It would be erroneous for me think that life would actually teach me lessons, let alone tell me who I am. Life was a bitch, uncompromising yet strangely democratic. Why in the world would life bother with me?

I would like to think I am a stronger person by now, resilient, and wise, but I do not think — or feel — that’s any closer to my own truth.

No, I have no idea what life has told me of who I am. I really don’t know life at all.

The Paths We Take

I was a huge fan of Snoopy and Charlie Brown. I loved Charles M. Schulz’s comics — seemingly innocent and childlike, but with very adult themes that border on wistfulness and introspection.

Snoopy inspired to be a comic book illustrator. I drew and painted my own comics, created stories so fantastic that if I read them today I would cringe so much I would want to shrink to the size of an ant and scuttle away in a dark crevice.

But the desire to create endured, and it became the guiding light of my career. I was eventually accepted to a fine arts college at the state university. But fate had other ideas: a former classmate encouraged me to take visual communication instead of painting, and that prepared me for an entirely different path. I do not begrudge it. I am happy where I am now.

But I do sometimes wonder what would have happened if I had taken painting instead, and how different my career path would be.

Lost Remembrance

I cannot remember any stories from my childhood that taught me who I should become.

All I read about was news of a greedy dictator, the millions who suffered under his despotic rule, and the faceless who vanished from existence. It was a time of fear, desperation and excess. I doubt that any of those taught me what I should become.

It is but with much effort for me to reflect and dig up any relevant stories that I resonated with — the years have changed me as person, experience has moulded my values.

I cannot remember any stories from my childhood. They seem to have vanished in the mists of time, like the faceless who vanished from existence during that dictator’s regime.

Uniqlo + Marimekko

Whilst shopping for a puffer jacket at Richmond Centre with Shirley, I described to her the perfect and comfy puffer jacket from Uniqlo in collaboration with Finnish designer Marimekko: a red and black cocoon jacket with retro floral prints. I told her I didn't get it at that time because it was for women, but I have been thinking about that jacket ever since.

That was 2 years ago.

"You can wear whatever you want," Shirley said. "No one will know it's for women."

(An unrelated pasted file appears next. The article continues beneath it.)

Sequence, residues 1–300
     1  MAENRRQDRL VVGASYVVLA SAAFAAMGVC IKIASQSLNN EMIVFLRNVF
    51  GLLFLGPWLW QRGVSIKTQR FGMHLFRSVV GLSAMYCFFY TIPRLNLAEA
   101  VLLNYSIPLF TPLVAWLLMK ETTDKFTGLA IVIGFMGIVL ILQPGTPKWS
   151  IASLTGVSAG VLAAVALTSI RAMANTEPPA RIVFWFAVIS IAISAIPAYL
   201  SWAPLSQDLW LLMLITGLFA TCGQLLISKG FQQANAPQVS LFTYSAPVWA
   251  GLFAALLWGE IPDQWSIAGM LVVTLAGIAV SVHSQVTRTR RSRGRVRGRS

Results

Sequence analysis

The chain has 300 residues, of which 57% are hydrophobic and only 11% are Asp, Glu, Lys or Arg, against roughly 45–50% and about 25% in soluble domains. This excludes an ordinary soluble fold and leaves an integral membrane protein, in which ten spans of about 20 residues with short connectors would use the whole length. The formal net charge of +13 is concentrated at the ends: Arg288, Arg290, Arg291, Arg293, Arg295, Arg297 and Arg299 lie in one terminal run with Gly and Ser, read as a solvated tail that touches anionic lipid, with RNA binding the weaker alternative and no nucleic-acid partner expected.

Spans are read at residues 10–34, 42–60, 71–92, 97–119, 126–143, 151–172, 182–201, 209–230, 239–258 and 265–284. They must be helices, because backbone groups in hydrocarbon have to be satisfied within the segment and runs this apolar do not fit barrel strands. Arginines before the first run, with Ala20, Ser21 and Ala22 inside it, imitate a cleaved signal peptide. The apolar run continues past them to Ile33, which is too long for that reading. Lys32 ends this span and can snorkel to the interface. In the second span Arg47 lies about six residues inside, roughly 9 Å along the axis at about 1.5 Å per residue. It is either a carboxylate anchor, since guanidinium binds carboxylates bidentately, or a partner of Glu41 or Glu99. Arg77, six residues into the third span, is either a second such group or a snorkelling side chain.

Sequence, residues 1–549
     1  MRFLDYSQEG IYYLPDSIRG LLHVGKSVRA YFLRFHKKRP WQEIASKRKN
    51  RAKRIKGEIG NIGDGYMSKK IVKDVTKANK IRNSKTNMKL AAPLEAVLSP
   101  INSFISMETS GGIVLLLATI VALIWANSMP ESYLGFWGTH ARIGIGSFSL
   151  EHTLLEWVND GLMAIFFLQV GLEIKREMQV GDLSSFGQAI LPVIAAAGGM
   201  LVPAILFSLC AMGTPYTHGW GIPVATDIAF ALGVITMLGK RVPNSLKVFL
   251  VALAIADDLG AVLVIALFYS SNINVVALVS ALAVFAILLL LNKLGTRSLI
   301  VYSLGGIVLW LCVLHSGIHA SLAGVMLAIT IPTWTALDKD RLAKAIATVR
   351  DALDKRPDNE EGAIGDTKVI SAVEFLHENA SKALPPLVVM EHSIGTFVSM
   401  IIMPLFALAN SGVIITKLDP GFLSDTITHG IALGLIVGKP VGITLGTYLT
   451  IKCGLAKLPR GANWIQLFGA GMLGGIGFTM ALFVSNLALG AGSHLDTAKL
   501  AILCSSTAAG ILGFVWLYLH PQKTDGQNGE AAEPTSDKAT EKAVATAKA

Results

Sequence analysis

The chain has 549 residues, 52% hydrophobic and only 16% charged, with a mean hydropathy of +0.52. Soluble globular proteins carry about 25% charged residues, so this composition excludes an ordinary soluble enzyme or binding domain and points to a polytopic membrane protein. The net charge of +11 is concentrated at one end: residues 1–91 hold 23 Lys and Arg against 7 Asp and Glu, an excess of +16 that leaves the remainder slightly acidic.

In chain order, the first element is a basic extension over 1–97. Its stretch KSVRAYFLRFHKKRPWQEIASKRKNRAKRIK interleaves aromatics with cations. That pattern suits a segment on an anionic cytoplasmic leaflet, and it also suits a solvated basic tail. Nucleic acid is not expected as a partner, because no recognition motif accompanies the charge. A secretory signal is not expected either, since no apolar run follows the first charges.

I paused and reflected what she said. I have been wearing women's clothing for drag, and I was afraid to wear a women's floral jacket on a daily basis. A jacket that not only would make me happy, but would also make me comfy and warm. And it fits like a dream.

So I promised myself the next time I go shopping, I would venture over to the women's section and not be afraid to try on women's clothing.


I was born in the early hours of Sunday, the first of my siblings. The golden child. The child who could do no wrong. Everyone in the family knows it.

My mother tried her best to raise me in the Catholic faith, but I found the concept of god numbingly absurd. I actually did make a few bargains with god before realising I didn’t need a man-made omnipotent deity to live my life.

I devoted my life to the arts. Creation and destruction were the same sides of a universal coin. I had learned see both beauty and sadness in every thing and in every experience.

I grew tired of enforced gender binaries; the toxicity of masculinity and the frailty of patriarchy. I hated English for its pronouns defining two genders. I celebrated Tagalog for only having one.

I danced with the faeries under the moonlight, by the still waters of a lake in the middle of Squamish. The magical romp filled me with unrestrained joy. I was laughing again.

I always wonder about the bolts of grey in my hair, inspecting them every morning in front of the mirror—badges of honour for having come this far.

The Vulnerability of Writing

I think that the discipline of writing opens up oneself to a vulnerable authentic side that no one really knows, except perhaps your most intimate relations, a side more hidden than the dark side of the moon. Vulnerability can be scary, and so does being authentic. They both put the spotlight on you for all the world to see — perhaps you would feel judged by what others uncover. Perhaps ashamed or embarrassed of what people may think.

But does that really matter? Can you really control who you are, and the stories of self you may want tell? Being in that spotlight can also be liberating, uplifting even. Like a sunflower turning its face to the unerring brightness of the sun. Imagine the freedom of not being afraid anymore. Imagine the countless words waiting to pour out from yourself like a new fount of clear spring.

Imagine the possibilities.